SARAH LOHMANN WRITES — How do we find out who we are? Rikiya Imaizumi’s Call Me Chihiro unfolds the possible answers to this layered question through its unique aesthetics and lack of sound.
The film premiered internationally on Netflix on February 23, 2023, and made a special impact on viewers. Salvatore Cento of MovieWeb called it a “soothing” film about the “intimacies of life.”
The story follows the titular Chihiro as she rebuilds her life in a small town in Japan. A former sex worker, she works at a bento shop, touching lives without meaning to. Imaizumi uses silence and unique direction to show the emotional tides in Chihiro’s life and those close to her.
One of the most distinctive elements of Call Me Chihiro is silence—a stylistic element prevalent in many Japanese films. Although it has a soundtrack, it is punctuated by frequent silence wherein only ambient sounds can be heard. This sets the scene with curiosity: what are we hearing? Where are we? What is important? Without a soundtrack, the viewer must be intensely present in intimate moments with Chihiro as she walks by the sea, visits a gravesite, and finds a corpse in an alleyway. Such scenes are visually striking, but while films often opt for silence to establish a realistic, often dark, viewing experience, Imaizumi uses ambient silence to show how Chihiro interacts (or doesn’t) with the world.
Friends and coworkers describe Chihiro as a kind soul, though difficult to read, and she struggles to connect with people. She craves companionship, and her loneliness is revealed throughout the film. However, despite the feeling that she is from, as she puts it, a different planet, she finds herself surrounded by the most unlikely combination of people. A bullied elementary student, a lonely high schooler, and a blind elderly woman: her influence on them is—while substantial—silent, too.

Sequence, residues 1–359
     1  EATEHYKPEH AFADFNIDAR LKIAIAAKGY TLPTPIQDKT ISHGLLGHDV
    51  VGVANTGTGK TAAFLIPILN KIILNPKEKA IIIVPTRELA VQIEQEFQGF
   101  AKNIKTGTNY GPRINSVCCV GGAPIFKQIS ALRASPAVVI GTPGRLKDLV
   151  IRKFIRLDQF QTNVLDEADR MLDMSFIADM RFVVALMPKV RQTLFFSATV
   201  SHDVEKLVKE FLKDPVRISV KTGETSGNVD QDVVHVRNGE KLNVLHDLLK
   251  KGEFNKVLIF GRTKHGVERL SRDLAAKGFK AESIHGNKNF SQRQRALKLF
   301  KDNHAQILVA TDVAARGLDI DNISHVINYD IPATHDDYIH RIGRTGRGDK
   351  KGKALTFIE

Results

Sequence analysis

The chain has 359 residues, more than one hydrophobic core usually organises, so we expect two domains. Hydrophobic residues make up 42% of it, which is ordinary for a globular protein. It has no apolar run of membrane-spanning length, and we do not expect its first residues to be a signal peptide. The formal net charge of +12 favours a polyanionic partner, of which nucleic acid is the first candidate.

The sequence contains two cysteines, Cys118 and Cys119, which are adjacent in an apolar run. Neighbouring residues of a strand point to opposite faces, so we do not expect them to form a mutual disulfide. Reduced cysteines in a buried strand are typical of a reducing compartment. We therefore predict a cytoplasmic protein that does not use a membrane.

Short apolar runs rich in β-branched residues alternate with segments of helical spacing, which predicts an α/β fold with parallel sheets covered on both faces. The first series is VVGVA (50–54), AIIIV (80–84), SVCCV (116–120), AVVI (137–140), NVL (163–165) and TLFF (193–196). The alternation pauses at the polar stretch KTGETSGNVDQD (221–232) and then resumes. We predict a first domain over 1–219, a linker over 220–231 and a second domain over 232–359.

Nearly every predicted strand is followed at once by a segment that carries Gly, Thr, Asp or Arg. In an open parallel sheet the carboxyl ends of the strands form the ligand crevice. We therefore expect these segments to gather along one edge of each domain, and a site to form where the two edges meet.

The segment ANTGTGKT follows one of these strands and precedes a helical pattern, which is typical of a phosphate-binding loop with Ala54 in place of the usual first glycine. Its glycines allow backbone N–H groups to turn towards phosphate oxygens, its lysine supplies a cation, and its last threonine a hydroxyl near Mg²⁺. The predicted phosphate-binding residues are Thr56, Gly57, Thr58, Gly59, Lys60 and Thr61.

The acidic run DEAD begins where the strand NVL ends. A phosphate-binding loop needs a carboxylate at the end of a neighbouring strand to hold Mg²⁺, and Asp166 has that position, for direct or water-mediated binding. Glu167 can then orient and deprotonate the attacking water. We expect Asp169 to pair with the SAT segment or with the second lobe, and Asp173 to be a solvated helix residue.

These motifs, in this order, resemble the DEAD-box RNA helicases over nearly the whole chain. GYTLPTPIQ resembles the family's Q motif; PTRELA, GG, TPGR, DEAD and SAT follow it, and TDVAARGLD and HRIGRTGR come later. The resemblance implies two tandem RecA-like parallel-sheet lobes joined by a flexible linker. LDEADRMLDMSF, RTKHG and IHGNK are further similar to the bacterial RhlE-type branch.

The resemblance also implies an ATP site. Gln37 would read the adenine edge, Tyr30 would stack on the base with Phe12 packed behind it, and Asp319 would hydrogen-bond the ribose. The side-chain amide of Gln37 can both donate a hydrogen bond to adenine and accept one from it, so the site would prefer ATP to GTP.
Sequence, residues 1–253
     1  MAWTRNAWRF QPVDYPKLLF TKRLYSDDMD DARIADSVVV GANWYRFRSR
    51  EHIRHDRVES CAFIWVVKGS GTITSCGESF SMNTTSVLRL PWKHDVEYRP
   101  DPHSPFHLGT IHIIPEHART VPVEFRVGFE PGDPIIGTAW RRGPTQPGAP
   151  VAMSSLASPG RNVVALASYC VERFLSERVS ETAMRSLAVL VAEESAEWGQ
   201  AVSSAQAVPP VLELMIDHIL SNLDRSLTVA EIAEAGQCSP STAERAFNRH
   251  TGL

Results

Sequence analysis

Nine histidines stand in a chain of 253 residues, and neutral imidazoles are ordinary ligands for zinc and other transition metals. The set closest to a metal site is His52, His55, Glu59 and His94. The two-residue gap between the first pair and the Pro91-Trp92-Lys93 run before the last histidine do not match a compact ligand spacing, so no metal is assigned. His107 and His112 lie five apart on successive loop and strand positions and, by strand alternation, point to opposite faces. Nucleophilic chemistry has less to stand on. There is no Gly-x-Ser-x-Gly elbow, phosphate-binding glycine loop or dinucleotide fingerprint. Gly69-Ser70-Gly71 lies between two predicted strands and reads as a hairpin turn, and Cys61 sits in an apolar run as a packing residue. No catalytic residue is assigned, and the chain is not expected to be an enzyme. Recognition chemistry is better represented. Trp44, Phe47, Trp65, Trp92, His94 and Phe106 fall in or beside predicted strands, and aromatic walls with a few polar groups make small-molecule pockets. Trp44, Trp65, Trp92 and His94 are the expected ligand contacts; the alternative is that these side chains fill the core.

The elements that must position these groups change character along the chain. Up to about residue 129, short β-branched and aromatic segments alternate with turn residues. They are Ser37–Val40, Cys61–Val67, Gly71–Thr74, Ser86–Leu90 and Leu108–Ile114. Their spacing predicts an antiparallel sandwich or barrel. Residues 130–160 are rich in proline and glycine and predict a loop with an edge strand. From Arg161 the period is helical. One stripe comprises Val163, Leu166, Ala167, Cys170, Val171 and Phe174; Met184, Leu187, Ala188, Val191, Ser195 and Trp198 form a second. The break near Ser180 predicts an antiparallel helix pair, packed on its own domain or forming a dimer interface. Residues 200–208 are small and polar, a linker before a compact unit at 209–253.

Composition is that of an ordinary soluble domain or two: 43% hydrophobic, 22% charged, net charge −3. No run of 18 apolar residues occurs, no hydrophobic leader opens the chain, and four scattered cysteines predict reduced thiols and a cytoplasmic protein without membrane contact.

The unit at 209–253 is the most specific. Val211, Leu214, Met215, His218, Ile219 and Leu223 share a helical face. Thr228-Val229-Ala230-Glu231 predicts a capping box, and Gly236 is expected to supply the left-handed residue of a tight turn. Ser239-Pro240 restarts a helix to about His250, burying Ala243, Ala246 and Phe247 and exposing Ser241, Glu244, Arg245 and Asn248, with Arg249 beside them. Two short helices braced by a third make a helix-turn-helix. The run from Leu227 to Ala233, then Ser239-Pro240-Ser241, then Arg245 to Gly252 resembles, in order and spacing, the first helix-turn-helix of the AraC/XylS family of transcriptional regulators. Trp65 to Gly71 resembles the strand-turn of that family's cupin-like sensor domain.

The purposeful directing choices adroitly ensure we never see more than we need. No moment is wasted, and the viewers must draw their own conclusions when things are left open-ended. For example, in one scene, the camera pans in a circle, starting on Chihiro and moving around to show her guests. When the camera settles again, Chihiro’s chair is empty. No one seems to notice for a moment, and we wonder where our protagonist has gone—physically or metaphorically. The direction and powerful silence give the viewer a lot of agency over how they understand Chihiro’s actions and feelings.
Call Me Chihiro details the strange emotional landscapes of everyday people—especially those often left unseen. How can we cope when others don’t even think of us when we are invisible? How can we understand others through the silent screen of emotional ambiguities? While some viewers may scoff at the nonlinear plot and the seeming lack of external conflict, Call Me Chihiro is for those looking for a penetrating and heartfelt exploration of identity and human connection.
Sarah Lohmann has a BA in Creative Writing and Asian Studies. She focused her research on film, translation, and literature.
Edited by book review editor-in-chief, Ella Kelleher.